This sugary edition of Students of Ethnobotany is brought to us by the sweet Bryan Q.
In most parts of the world, sugar, the sweet kick to every meal, has been an important part of the human diet. Apart from making human food palatable, it also provides energy. However, the health risk of diabetes has been an ongoing concern throughout the world. Increasing the consumption of sugar-sweeted foods can cause an increase in blood sugar levels, which can be dangerous to many known and unknown diabetic patients. Can this epidemic be solved with our ongoing desire for tasty candy, yummy ice-cream, and 1000+ flavors of cake?
A healthy alternative to sugar can be steviol glycosides. It is a compound derived from the leaves of Stevia rebaudiana, a herb that belongs to the Sunflower family (Asteraceae). It originates in South America and has been used by Indigenous people for many centuries. It is more commonly known as stevia, sugarleaf, or sweetleaf. Some unique properties of Stevia is that it is 250 – 300 times sweeter than sucrose, provides 0 calories, does not promote tooth decay, and does not lose its sweetness property under acidic or high temperature conditions. However, its most important features are that it does not increase blood glucose or insulin levels.
Stevia’s popularity has increased in foods since health and nutrition has become a much more prevalent topic in the food industry. Apart from diabetes, obesity has been an ongoing disease in many families, including my own, and has a major effect on the kinds of foods many can eat. Luckily, the properties of Stevia allow for a wide variety of applications in foods: energy drinks, pastry goods, tabletop sweetener, etc. Although there are other sweeteners, which do not increase blood glucose levels, insulin levels, and have 0 calories, tend not to be naturally plant derived. Since stevia is a natural sweetener, it is often a consumer favorite for many, including myself, compared to a sweetener that is artificially made (e.g. sucralose, sugar-alcohols, and acesulfame-k). With Stevia being perceived as a natural healthy alternative, it is now being produced widespread all around the world. There are over a dozen applications for Stevia that is currently being used worldwide; however, one could only imagine how many more applications Stevia could be used for in the future as its popularity grows.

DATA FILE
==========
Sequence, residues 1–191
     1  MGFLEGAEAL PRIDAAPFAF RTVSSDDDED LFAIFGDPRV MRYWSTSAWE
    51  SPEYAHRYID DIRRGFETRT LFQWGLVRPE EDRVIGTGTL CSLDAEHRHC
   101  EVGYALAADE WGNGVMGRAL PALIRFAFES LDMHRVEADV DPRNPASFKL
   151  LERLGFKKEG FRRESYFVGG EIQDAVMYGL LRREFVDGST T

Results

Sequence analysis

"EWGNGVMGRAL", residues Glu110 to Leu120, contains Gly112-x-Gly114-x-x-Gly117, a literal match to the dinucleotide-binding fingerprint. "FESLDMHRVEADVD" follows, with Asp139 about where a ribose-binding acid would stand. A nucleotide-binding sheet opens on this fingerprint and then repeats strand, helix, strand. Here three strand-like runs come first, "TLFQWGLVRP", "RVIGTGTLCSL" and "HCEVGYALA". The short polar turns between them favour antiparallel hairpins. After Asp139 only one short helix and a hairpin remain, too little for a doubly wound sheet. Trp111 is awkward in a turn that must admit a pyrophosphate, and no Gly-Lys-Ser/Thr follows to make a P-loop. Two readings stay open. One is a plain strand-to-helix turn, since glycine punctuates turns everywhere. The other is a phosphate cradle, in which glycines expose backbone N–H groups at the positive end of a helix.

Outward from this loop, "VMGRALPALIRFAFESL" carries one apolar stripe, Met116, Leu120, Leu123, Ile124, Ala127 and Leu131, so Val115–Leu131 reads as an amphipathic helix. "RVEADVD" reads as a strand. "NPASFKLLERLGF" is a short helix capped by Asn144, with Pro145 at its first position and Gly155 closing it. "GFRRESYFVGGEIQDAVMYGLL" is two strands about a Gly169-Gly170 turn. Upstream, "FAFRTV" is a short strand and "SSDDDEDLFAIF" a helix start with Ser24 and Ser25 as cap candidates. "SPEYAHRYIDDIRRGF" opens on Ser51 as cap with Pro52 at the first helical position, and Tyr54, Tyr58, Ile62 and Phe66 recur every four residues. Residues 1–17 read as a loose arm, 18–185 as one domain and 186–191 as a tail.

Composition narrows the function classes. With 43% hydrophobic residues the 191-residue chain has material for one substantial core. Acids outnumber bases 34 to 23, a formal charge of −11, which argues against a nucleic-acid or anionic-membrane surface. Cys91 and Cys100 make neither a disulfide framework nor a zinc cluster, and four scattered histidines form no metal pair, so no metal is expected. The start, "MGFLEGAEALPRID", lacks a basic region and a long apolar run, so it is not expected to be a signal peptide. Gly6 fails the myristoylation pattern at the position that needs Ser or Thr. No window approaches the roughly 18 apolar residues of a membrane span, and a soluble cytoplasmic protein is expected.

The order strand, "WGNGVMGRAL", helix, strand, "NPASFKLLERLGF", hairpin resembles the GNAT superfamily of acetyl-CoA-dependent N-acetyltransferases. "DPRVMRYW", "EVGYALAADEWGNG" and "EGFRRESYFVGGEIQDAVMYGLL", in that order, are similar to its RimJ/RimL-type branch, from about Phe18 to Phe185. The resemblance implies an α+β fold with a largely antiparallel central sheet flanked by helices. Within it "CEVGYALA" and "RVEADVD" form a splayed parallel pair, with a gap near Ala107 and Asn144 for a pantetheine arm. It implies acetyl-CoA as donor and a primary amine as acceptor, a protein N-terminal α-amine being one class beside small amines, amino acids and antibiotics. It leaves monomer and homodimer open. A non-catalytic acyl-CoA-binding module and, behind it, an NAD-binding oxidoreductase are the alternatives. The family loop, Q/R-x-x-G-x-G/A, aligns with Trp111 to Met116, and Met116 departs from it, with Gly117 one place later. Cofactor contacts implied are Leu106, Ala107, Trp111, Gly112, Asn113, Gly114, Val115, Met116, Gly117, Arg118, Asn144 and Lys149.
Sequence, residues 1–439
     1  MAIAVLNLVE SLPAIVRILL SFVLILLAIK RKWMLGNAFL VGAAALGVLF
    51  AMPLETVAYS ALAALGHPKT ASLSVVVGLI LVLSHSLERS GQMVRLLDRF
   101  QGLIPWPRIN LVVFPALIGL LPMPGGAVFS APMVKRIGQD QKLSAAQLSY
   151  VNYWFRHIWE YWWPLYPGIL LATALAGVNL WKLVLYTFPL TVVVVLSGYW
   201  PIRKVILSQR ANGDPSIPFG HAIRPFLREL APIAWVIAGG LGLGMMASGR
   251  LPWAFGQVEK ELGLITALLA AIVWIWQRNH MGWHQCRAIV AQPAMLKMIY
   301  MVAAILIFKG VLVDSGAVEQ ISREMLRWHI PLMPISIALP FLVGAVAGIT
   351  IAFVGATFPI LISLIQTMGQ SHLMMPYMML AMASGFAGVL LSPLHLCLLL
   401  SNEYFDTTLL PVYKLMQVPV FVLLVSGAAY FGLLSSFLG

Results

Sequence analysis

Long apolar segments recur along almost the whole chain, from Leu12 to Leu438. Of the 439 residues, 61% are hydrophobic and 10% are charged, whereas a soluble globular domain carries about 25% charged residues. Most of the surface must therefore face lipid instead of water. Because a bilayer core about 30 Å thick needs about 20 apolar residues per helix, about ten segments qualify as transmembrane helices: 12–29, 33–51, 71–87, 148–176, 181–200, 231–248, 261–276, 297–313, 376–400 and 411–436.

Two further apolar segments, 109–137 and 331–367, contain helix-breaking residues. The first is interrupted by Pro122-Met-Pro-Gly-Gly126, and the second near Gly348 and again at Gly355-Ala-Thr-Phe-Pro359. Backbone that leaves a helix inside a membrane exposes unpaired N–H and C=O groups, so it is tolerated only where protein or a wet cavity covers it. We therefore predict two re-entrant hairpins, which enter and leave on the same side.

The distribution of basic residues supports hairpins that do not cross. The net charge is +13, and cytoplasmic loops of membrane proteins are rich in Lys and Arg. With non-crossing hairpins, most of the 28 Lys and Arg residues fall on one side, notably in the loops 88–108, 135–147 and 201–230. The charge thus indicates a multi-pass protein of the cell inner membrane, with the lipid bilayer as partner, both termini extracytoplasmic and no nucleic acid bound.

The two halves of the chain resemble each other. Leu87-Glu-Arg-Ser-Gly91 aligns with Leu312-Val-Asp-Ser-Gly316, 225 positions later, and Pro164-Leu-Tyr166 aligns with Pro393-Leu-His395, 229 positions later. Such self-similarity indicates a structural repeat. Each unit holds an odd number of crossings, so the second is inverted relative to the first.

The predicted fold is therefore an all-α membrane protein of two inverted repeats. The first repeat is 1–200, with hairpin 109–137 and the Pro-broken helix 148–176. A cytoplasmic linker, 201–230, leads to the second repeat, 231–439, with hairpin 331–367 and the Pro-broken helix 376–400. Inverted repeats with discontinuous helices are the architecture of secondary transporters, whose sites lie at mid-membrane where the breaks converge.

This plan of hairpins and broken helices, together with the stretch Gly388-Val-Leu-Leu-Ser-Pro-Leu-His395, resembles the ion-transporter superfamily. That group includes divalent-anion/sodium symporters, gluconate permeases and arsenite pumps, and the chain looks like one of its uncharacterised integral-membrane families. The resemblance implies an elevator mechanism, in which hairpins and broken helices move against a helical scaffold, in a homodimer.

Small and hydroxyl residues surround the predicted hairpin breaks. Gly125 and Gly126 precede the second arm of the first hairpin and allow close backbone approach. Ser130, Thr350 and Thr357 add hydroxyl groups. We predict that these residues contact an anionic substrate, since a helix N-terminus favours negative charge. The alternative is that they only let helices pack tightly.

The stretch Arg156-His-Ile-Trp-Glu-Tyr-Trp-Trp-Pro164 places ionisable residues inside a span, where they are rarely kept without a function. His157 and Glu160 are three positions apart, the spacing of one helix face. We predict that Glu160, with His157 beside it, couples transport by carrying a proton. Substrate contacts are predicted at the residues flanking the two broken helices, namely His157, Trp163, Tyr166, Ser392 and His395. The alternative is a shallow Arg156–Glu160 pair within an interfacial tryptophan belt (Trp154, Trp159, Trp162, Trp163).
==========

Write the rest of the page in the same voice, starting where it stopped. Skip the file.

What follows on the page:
Skura, B., E E., Li-Chan, E., and Liceaga, A. (2012a,b,c,d,e). Food and Nutrition 200 – Exploring Our Food. [Lessons 3]. Retrieved from https://www.elearning.ubc.ca